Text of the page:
As a result, this tradition has exploded in size and relevance. And I believe this modern Buddhism is still evolving to catch up with Geshe Kelsang’s vision!

planet earth

Which of Buddha’s insights could be of benefit to help our modern world? If you ask me, all of them! They are all methods for purifying and transforming our minds and actions, and thereby purifying and transforming our actual world, including everyone in it. And they boil down to wisdom and compassion, as explained in this last excellent guest article. As Geshe Kelsang says:

Developing compassion and wisdom and helping those in need is the true meaning of life.

For example, wisdom can be seen to range from an understanding that happiness and suffering are states of mind whose main causes depend upon the mind, right through to an understanding that everything, even the tiniest atom, depends upon our minds. The things we normally see, vis a vis things outside the mind or independent of the mind, do not exist — everything is mere name, mere projection. Everything is dream-like, everything is illusion. Our ignorance veils the truth; we need to pull that veil aside. We need to help ourselves and everyone else overcome their ignorance on every level because ignorance is what keeps us trapped in systems that have never worked and never will.

Compassion ranges from an understanding that we are all equal and interconnected, breaking down the pernicious “us and them” mentality, through to a universal empathy that finds the suffering of all living beings more unbearable than our own and seeks to permanently dispel it.

All these ideas are rooted in the idea of our potential for change — our innate compassion and wisdom — a potential that is enormous, infinite, and that can start functioning right now if we let it. And if we add the transcendent vision of Tantra, we are able to bring about results very quickly indeed.  prism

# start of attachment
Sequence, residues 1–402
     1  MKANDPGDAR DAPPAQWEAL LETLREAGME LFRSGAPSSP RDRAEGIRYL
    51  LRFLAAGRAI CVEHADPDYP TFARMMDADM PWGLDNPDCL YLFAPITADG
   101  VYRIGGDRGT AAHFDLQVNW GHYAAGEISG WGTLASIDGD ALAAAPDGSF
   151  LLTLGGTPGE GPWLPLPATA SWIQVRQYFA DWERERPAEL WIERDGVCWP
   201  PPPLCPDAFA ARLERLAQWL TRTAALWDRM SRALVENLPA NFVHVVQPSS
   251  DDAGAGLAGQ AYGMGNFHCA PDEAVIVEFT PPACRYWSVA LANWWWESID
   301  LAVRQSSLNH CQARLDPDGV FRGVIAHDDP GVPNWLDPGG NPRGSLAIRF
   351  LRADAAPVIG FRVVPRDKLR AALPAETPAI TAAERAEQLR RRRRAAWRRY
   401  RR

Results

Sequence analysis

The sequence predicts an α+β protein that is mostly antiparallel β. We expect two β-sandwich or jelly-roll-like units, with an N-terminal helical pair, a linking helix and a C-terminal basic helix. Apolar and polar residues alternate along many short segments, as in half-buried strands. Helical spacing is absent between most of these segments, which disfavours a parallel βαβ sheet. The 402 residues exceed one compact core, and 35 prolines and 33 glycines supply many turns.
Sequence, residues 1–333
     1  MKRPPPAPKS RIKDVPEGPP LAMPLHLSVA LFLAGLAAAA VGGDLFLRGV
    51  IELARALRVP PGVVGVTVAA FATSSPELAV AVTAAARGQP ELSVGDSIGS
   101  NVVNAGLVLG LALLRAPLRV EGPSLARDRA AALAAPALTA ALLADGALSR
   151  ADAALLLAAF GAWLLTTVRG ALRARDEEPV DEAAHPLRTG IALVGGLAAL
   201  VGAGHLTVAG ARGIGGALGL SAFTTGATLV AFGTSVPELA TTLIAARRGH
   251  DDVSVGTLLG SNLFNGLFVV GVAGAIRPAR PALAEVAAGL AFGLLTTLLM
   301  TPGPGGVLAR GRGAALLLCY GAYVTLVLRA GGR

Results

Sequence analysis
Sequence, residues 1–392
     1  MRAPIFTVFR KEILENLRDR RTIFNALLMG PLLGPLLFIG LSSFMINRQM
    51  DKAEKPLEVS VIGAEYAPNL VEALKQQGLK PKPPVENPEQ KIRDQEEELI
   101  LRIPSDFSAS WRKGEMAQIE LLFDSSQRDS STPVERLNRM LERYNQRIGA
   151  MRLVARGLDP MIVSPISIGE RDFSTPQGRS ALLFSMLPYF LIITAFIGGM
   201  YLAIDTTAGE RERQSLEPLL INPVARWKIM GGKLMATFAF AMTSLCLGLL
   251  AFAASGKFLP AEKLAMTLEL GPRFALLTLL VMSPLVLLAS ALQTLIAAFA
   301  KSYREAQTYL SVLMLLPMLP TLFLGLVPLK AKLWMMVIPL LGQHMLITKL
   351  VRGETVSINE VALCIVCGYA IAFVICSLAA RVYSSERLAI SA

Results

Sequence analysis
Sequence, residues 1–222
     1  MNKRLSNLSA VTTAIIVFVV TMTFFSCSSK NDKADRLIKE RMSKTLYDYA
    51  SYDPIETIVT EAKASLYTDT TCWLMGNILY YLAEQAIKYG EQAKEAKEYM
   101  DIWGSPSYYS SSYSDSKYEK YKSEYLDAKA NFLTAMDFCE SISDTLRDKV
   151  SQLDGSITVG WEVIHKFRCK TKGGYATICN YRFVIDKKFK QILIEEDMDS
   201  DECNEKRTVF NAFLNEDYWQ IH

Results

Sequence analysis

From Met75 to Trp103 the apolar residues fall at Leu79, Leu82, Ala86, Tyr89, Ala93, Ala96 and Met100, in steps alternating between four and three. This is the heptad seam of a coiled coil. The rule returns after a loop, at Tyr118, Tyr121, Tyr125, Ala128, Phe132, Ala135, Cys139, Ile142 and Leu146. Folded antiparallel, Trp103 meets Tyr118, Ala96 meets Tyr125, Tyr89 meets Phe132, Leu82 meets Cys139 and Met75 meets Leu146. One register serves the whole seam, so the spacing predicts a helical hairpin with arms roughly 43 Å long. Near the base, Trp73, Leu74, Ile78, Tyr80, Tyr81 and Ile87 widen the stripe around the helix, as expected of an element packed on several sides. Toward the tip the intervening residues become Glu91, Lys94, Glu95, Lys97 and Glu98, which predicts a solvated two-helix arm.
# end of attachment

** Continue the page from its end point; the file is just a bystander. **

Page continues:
It also seems to me that Geshe Kelsang Gyatso — in many ways the modern Buddhist master for our time – has been pointing for a long time to the possibility of Buddha’s teachings bringing about actual world peace. In his Buddha Maitreya teachings of 2009, for example, he said, as I quoted earlier:

If everybody followed this view — sincerely believe there is no enemy other than our delusions — all our problems that come from fighting and war will be ceased permanently. Following this view is the best method to make world peace. Unfortunately, everybody denies or neglects Buddha’s view, his intention. So we want world peace, everybody says, “World peace, world peace!”; but no-one understands how to do this.

My feeling is that it is on us to help people understand, alongside gaining experience ourselves. How? Through our own practice, example, conversations, and social engagement. Through not hiding away these ideas or ourselves out of modesty or a fear of offending, but engaging our bodhichitta into the world around us, sharing any experience far and wide in as many contexts as we can.

Not trying to make everyone into a Buddhist either — most people will not become Buddhists but they are still welcome to apply these ideas.

To finish, here is some food for thought from a comment on this last article: